Independent Councillor Mannix Flynn named several hotels in Temple Bar which he says are providing homeless services. There is “total chaos” outside them, he says.
There has been no liaison with the local community in Temple Bar about opening so many additional homeless services, he says.
Dr O’Carroll says he has not received any complaints about chaotic behaviour outside any new homeless facilities.
Independent Councillor Anthony Flynn, who is also the CEO of Inner City Helping Homeless, says he is concerned that some residents are not getting the support they need since some new facilities are being operated by private companies rather than charities.
That can be an issue as the staff don’t always have the skills and training to support vulnerable people, he says.
He has queried whether all of these facilities meet basic standards, such as having code of conduct for staff and a complaints process for clients.
Redmond has been homeless on and off since 2006. But in recent years he has been placed in the Phoenix Lodge, Ardeevin House and Santry Lodge, he says. “There were no key workers in any of them.”
Each of those are privately operated and are not run by charities.
Because he has difficulty with reading and writing, he needed support. “It was embarrassing and when you went to go for help they kind of looked down at you,” he says.
He stopped trying to access supports and instead relied on information gleaned through the grapevine. “You had to go on hearsay,” he says.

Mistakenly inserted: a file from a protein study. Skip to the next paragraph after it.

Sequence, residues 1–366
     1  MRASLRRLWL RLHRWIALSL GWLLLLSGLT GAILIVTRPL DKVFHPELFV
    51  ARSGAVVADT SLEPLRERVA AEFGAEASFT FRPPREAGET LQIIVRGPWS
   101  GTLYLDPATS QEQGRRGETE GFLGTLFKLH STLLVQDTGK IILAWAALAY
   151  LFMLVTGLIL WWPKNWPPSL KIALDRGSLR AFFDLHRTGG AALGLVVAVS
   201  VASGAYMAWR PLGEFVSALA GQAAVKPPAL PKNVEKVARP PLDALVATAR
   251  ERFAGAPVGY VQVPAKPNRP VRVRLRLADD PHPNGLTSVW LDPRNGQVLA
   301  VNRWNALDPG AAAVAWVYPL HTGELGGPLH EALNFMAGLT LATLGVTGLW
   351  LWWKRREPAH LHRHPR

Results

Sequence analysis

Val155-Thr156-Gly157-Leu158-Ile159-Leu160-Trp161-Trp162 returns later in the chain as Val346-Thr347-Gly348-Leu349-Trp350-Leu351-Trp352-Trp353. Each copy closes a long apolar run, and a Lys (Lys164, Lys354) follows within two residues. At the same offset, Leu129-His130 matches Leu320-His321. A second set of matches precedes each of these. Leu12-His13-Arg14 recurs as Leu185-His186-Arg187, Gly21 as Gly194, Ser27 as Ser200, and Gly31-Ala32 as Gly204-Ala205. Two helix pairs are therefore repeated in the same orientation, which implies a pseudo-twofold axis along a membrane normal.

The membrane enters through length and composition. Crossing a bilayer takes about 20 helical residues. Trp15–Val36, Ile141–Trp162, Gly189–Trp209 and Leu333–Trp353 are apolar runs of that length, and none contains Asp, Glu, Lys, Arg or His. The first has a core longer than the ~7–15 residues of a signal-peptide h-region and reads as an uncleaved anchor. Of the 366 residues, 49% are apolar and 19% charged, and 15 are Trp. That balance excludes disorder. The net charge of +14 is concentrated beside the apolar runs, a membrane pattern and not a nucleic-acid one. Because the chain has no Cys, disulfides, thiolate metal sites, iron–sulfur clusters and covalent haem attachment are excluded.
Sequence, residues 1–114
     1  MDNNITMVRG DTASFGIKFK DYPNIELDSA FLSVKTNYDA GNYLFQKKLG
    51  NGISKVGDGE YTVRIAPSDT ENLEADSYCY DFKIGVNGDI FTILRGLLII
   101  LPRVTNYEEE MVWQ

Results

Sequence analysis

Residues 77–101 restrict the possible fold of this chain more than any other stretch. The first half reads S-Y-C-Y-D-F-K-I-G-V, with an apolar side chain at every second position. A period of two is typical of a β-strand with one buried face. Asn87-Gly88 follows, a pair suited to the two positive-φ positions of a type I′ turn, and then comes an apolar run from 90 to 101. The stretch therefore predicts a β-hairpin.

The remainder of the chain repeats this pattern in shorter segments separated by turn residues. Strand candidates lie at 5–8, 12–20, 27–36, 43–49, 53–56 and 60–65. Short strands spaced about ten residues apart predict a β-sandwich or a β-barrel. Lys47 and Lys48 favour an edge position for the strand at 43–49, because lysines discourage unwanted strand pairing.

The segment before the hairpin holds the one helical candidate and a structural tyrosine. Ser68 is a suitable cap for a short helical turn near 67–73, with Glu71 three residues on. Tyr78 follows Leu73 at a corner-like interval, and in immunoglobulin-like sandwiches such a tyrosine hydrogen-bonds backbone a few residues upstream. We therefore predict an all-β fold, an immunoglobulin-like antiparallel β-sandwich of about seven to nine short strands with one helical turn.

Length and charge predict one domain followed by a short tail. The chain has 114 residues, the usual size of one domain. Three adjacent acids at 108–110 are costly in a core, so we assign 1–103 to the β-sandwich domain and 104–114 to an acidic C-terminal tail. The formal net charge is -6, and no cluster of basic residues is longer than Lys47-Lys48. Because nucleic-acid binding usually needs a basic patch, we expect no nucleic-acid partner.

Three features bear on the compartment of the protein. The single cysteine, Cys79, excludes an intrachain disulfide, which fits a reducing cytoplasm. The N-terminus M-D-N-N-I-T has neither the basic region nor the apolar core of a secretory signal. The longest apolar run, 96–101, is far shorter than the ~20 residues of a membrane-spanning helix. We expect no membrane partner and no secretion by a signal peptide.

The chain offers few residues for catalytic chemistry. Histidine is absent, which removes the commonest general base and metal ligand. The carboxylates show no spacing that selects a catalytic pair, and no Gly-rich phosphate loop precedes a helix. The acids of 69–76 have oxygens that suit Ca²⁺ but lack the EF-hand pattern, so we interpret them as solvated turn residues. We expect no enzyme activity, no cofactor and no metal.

Redmond says he has been sober for the last five months, having only relapsed after the death of his father. Now he has even kicked smoking. “I’m trying to change my life,” he says.
He’s happy and settled in the HSE-run facility, he says. But he and others there are starting to worry about what will happen when the Covid-19 crisis ends, he says.
“A lot of people are getting frightened and nervous because they are after getting more stable and more positive by being here,” he says.
Improved standards within homeless accommodation must be maintained after the emergency period ends too, says Dr O’Carroll.
“We have asked that the people who are cocooning will be left there for a year and we have been more or less told that we will get that,” he says.
There is widespread agreement “that things can’t go back to the way they were”, he says.
The DRHE spokesperson says the organisation is trying to take advantage of the changes in the housing market.
“Given the significant adjustment in the Dublin property [market] over the last number of weeks, this has given the DRHE a welcome opportunity to source additional and better emergency accommodation facilities,” they said.
Dublin City Council is pursuing longer-term accommodation through acquisitions, leasing and Homeless HAP, she says.
She says that if the council can secure more homes, “then we can be in a position to offer permanent or long-term housing to more families and singles currently in emergency accommodation”.
Redmond has been on the housing list for 12 years but he isn’t certain if he will ever be housed. He wants to get his own home before he dies, he says.
Two of his brothers died when they were homeless, he says. One in a hostel. The other on the streets.
“If I wanted to pass, where would I pass? I’d like to pass in a peaceful place and that would be my own home,” he says.